Two lawmakers from the ruling Justice and Development Party (AKP) made headlines over their remarks urging Turks to embrace frugal living standards in the face of soaring inflation.
“If we buy two kilos of meat under normal circumstances, then we can buy half a kilo instead. We can buy two tomatoes instead of two kilos. We can buy three peppers instead of buying a kilo,” AKP lawmaker Zülfü Demirağ told reporters on Monday.
Demirağ’s remarks drew ire, and many people rushed to express outrage on social media.
“Shall we eat cake as well?” one user tweeted, referring to the infamous proclamation from 17th or 18th century France.
But behind the sarcasm lies the stark reality of Turks slipping into poverty.
Poverty in the country has both expanded and deepened during the pandemic, which hit at a time when the country was already in dire financial straits amid economic turmoil ongoing since 2018.
Many people struggle to fill their shopping baskets with staples which seem to grow more expensive by the day.
The cost of flour has skyrocketed, with a 50-kilo sack twice its July price, resulting in bakeries shutting down operations in some provinces amid government pressure to keep the price of bread low.
“We may have to subsist on bread and onions for months, but we’ll never make concessions on our security to anyone,” Uğur Aydemir, another AKP deputy, said on Tuesday.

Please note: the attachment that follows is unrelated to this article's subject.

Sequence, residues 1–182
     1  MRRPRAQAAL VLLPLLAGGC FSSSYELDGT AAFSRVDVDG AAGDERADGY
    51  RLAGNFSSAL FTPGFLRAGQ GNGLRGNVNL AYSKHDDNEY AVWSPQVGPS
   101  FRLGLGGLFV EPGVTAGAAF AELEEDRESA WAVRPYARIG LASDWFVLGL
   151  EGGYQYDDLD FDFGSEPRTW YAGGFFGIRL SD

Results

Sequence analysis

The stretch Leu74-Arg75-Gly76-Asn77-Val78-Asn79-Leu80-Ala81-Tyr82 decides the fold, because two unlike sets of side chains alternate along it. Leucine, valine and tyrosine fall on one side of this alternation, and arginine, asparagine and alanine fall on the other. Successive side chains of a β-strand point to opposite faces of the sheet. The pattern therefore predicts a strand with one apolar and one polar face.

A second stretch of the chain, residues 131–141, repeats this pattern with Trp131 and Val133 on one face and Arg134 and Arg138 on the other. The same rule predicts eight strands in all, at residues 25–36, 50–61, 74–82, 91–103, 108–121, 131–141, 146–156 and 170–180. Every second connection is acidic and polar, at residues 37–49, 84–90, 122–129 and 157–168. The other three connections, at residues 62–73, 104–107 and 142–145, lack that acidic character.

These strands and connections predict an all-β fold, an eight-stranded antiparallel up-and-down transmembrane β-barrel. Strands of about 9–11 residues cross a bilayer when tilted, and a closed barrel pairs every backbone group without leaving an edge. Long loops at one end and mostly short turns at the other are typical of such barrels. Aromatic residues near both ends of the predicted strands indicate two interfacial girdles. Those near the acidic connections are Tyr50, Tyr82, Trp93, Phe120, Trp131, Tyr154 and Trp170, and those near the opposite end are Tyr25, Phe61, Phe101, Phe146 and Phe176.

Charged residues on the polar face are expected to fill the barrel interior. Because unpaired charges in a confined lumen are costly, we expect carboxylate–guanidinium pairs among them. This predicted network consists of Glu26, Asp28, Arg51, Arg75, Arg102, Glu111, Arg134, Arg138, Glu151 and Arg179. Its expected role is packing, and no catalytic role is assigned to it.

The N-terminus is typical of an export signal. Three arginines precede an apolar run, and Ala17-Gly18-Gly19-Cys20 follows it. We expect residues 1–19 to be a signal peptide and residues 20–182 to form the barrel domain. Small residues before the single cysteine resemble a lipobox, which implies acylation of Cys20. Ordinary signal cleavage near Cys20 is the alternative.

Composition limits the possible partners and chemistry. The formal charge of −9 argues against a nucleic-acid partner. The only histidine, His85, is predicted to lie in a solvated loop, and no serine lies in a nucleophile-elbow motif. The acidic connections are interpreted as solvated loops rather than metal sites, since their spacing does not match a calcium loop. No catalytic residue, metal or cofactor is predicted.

Aydemir’s remarks came as the Turkish lira weakened to a record low of 13.49 to the US dollar on Tuesday, before recovering to 12.45 at around 5 p.m.
AKP figures blame the weakening lira on “foreign powers launching an economic attack on the country.”
President Recep Tayyip Erdoğan said a day earlier that the government would “emerge victorious from this economic war of independence,” in reference to Turkey’s War of Independence, which was fought between 1919 and 1923 and led to the foundation of the Turkish Republic on the ashes of the Ottoman Empire under the leadership of Mustafa Kemal Atatürk.
The lira has been by far the worst performer of emerging economy currencies this year due mostly to what some analysts have called an economic “experiment” by Erdoğan.
Under pressure from Erdoğan, the central bank cut its policy rate last Thursday by 100 basis points to 15 percent, well below inflation of nearly 20 percent, and signaled further easing.
Turks are converting their lira into foreign currencies and gold to try and preserve their dwindling savings as a result.
In power for 19 years, Erdoğan peppers his daily speeches with imagery of the country “rebounding” and growing into “one of the largest economies in the world.”
However, Erdoğan’s AKP is sliding in opinion polls ahead of elections scheduled for no later than mid-2023, reflecting the sharply higher costs of living.